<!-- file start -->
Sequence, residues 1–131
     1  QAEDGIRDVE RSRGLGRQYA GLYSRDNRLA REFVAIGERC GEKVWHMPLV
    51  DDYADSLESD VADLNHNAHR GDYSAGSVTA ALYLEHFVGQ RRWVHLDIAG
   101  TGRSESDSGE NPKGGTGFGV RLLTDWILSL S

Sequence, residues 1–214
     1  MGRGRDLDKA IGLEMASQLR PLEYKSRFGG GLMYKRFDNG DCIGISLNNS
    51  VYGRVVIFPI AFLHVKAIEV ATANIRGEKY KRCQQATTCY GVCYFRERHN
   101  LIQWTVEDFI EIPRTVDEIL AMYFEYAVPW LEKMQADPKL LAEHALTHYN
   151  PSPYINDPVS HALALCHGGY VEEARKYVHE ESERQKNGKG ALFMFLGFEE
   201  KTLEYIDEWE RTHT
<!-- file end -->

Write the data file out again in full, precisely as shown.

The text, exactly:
Sequence, residues 1–131
     1  QAEDGIRDVE RSRGLGRQYA GLYSRDNRLA REFVAIGERC GEKVWHMPLV
    51  DDYADSLESD VADLNHNAHR GDYSAGSVTA ALYLEHFVGQ RRWVHLDIAG
   101  TGRSESDSGE NPKGGTGFGV RLLTDWILSL S

Sequence, residues 1–214
     1  MGRGRDLDKA IGLEMASQLR PLEYKSRFGG GLMYKRFDNG DCIGISLNNS
    51  VYGRVVIFPI AFLHVKAIEV ATANIRGEKY KRCQQATTCY GVCYFRERHN
   101  LIQWTVEDFI EIPRTVDEIL AMYFEYAVPW LEKMQADPKL LAEHALTHYN
   151  PSPYINDPVS HALALCHGGY VEEARKYVHE ESERQKNGKG ALFMFLGFEE
   201  KTLEYIDEWE RTHT